The idea came to Brooke McFarlin while she was scrubbing the shower in her student apartment in West Campus Housing.
“I was like, ‘I would pay someone to do this right now,” says McFarlin, a freshman majoring in communication at the University of Tennessee at Chattanooga.
Now she and business partner Alayna Grover are trying to make that happen. Their app, College Cleaners, would solve the “don’t-wanna-do-that” issue and include an added layer of benefit.
Now in the early planning stages, the app is designed to connect college students who’d like help with household cleaning with students who’d like some extra cash.
“I’ve got a tight schedule most of the time, and I thought, ‘I bet there would be people out there who might be willing to sign up and help someone out by cleaning or picking up groceries or letting out someone’s pets,’” said McFarlin, who graduated from Blackman High School in Murfreesboro, Tennessee.
Grover, a freshman in civil engineering, said her father is a software engineer who has developed apps in the past. He provides a connection to someone who might be able to design College Cleaners from a computer-code-writing starting point, she said.
In November 2022, McFarlin and Grover pair presented College Cleaners to three judges from local businesses during the Hatch It! Mocs Big Business Idea Pitch Competition, sponsored by the UTC Center for Innovation and Entrepreneurship.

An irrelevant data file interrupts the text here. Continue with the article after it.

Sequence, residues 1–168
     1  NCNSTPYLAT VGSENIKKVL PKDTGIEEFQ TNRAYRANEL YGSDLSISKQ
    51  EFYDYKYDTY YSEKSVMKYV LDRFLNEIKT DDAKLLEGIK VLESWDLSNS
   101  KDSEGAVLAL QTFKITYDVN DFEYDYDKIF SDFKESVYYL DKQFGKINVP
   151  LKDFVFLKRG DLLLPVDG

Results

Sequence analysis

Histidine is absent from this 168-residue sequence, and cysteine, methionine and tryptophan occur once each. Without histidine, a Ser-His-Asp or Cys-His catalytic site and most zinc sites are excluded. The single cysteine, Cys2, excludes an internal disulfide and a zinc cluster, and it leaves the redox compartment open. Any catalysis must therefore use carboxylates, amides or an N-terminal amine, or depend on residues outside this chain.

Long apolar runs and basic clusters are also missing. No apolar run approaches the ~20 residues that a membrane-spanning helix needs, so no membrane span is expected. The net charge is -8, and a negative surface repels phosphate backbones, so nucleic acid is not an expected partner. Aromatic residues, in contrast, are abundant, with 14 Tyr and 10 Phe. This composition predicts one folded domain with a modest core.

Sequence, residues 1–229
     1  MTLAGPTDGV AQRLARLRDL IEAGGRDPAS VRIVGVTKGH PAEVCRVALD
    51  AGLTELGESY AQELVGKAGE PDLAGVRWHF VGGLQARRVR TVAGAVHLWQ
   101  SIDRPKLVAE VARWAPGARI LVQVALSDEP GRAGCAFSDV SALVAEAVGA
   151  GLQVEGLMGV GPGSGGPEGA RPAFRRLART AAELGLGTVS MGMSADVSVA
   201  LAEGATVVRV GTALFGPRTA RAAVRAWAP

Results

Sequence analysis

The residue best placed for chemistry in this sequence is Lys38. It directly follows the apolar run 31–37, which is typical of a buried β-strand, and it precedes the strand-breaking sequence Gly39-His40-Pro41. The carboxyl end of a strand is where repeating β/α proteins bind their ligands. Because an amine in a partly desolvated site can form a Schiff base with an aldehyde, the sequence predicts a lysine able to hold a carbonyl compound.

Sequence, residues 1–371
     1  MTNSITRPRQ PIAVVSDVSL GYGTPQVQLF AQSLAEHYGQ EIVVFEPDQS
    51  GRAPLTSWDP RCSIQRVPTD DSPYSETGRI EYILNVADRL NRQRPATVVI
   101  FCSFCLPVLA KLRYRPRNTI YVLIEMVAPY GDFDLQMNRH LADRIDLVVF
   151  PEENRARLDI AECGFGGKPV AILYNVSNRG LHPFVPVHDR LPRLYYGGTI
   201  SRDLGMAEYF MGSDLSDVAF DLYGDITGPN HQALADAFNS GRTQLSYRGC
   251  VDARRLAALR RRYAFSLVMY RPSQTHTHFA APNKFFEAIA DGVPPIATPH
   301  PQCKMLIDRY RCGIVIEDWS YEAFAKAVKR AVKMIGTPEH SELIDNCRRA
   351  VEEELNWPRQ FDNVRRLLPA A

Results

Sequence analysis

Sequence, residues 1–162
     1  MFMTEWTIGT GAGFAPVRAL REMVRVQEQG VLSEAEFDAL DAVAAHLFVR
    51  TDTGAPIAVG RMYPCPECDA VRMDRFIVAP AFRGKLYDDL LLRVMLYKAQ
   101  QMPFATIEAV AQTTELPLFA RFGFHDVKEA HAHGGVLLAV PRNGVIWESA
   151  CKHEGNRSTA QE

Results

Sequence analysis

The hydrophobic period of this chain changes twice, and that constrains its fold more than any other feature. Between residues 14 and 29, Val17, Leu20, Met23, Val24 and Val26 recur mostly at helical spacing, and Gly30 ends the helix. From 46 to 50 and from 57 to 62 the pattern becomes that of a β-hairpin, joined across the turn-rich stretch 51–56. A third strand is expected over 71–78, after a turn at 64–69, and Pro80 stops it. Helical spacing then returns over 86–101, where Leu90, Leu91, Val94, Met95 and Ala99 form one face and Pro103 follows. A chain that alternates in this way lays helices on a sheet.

The College Cleaners idea didn’t win first prize, but the judges’ reaction to it was a confidence boost and convinced the would-be student entrepreneurs that their app could have commercial legs.
The two students are conducting an online survey to determine whether College Cleaners has a potential market and, if so, what features the market wants.
So far, most respondents think the business idea is a good one, with about 50 percent wanting to hire someone and 50 percent wanting to be hired, the pair said.
“We typically get positive feedback, but with me and Brooke face-to-face with each other, I’ll tell her all the negative feedback, too,” said Grover, who graduated from White House High School, about 30 miles north of Nashville.
Cost for each service will be variable. The service provider quotes a rate, and the cleaning customer can accept it, negotiate price or seek another service provider.
“Our idea, which might be most appealing and a good value proposition to (service provider) clients is that you can set your own rates. As the owners of the app, we’re not going to be regulating people’s rates. It’s going to be encouraging their entrepreneurial independence,” McFarlin said.
Background checks will be conducted on students seeking to participate as service providers listed by College Cleaners, McFarlin and Grover said. A rating system will enable app users to compare the experience on both sides of the transaction. Did the cleaner do a good job? Did the client pay on time or at the agreed price?
The decision to target the app to college students is not just because of the perception that students can be a bit lax on cleaning.
“It needs to be encouraged that we’re helping out one another. Not to say that the rest of the world can’t help out college students, but I feel like it’s just more beneficial to have college students helping out one another,” McFarlin said.